Concern at plans for 45-acre solar farm

An example of a solar farm
An example of a solar farm

A £9 million solar farm covering 45 acres with 28,000 panels could be built near Princes Risborough.

A planning application has not yet been submitted, but Hive Energy has been consulting on plans to build on a site in Bledlow.

The company, which already runs several solar farms around the UK and has 14 others in the planning pipeline, is expected to build on land near Forty Green Farm.

An action group has been set up by residents opposed to the plan and the issue has been raised with Aylesbury MP David Lidington.

The action group say the farm will be visible from various viewing spots in the Chilterns and provide no benefit to the surrounding community. There have also been people concerned that the development will have a negative effect on house prices.

Hive said the farm will not be visible to nearby residents because of hedging and have no impact on house prices.

If given planning approval, Hive said there would need to be around 70 lorry movements to build the farm and, once complete, it will produce enough electricity to power an average of 2,1000 homes annually and offset around 75,000 tonnes of C02.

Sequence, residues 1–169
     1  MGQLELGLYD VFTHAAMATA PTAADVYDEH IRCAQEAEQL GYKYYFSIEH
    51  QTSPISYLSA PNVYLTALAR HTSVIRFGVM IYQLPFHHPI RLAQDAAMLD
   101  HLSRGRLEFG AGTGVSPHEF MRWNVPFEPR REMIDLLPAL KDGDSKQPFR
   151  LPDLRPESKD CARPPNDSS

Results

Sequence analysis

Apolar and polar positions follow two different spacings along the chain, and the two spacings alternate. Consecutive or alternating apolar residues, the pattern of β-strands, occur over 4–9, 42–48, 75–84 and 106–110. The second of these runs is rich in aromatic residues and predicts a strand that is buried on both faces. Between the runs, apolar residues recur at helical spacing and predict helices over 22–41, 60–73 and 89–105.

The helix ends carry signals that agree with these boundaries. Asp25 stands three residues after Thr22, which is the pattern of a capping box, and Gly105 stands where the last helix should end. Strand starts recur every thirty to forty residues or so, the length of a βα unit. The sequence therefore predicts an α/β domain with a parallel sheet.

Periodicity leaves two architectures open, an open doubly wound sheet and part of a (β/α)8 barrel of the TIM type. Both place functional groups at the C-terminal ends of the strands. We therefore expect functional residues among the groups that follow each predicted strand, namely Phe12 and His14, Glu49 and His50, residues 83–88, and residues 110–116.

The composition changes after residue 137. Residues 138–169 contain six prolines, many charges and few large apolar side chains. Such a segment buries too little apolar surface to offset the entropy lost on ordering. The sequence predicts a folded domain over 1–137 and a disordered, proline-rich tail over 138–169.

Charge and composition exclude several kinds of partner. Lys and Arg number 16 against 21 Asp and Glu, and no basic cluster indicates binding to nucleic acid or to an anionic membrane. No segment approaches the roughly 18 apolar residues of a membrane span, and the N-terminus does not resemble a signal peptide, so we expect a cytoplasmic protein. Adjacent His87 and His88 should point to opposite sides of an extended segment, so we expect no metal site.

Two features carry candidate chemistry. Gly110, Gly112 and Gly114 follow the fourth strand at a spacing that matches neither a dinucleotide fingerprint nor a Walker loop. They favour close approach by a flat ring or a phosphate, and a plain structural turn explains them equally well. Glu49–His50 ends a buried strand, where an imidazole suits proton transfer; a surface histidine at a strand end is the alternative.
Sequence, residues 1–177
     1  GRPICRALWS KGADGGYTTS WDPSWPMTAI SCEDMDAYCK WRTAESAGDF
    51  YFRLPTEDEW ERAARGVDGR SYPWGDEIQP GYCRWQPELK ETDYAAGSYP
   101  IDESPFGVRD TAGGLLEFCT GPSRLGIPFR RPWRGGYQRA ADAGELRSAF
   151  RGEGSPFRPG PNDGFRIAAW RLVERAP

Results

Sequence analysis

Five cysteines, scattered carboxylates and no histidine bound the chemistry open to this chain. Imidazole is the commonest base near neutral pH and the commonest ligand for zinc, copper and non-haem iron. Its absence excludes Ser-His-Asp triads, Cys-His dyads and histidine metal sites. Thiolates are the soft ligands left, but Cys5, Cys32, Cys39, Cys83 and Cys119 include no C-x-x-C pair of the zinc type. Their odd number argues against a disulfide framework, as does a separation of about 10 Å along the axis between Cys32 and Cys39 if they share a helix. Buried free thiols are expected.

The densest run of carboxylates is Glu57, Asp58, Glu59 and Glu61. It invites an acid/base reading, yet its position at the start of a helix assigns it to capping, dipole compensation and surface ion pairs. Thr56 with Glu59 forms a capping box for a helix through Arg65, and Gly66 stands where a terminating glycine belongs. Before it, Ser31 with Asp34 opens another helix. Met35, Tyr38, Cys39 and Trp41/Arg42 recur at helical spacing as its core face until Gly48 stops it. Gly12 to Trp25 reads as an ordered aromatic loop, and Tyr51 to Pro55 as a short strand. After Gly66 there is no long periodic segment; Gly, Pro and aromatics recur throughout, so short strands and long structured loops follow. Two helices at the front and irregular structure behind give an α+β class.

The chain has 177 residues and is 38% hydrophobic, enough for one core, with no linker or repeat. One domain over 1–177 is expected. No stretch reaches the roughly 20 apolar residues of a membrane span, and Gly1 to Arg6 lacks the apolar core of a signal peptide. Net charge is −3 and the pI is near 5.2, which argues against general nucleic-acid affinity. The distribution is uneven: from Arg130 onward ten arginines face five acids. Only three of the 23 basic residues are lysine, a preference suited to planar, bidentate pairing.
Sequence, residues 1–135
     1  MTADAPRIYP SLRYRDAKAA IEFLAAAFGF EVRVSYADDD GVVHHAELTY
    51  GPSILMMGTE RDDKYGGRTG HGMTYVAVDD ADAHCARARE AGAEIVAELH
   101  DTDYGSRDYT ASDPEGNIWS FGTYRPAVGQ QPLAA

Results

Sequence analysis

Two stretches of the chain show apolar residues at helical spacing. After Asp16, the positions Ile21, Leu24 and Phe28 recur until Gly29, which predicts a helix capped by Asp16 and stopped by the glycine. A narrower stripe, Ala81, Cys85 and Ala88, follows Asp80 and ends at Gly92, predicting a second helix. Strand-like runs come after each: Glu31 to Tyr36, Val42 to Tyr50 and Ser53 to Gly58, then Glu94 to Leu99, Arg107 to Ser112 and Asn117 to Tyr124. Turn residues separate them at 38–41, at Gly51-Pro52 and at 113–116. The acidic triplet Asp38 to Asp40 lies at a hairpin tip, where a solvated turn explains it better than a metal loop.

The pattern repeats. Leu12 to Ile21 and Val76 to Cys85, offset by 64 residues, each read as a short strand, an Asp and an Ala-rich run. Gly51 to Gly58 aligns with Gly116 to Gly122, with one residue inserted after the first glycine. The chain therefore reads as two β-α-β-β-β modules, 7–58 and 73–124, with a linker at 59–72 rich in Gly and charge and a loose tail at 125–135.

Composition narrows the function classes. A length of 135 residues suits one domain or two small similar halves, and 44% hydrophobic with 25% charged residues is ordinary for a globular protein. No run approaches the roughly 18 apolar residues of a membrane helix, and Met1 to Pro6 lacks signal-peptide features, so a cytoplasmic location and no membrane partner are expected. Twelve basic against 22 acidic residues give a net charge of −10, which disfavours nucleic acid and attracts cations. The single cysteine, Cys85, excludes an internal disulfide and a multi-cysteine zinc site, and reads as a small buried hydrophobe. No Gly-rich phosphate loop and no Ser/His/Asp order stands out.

Julian Pertwee, the company’s business development director, said: “Solar is one of the greatest options to get towards the renewable energy target.

“We know there is some opposition but we would love to get people behind it. We always try to take on board any opposition and minimise the impact. It’s not going to affect the value of houses and will not affect people’s views.”

Hive will be holding its next public consultation on the plans in Bledlow on August 30, which anyone is welcome to attend.

Mr Lidington wrote to Wycombe District Council after people concerned about the plan spoke to him about it.

Responding, the council said: “If and when a planning application is considered, the environmental and other impacts would be assessed alongside the potential benefits of the scheme.

“Whilst various forms of development would be unacceptable in principle, development of this type, which does not accommodate anyone and which cannot easily be located in urban areas, is not unacceptable ‘in principle’.”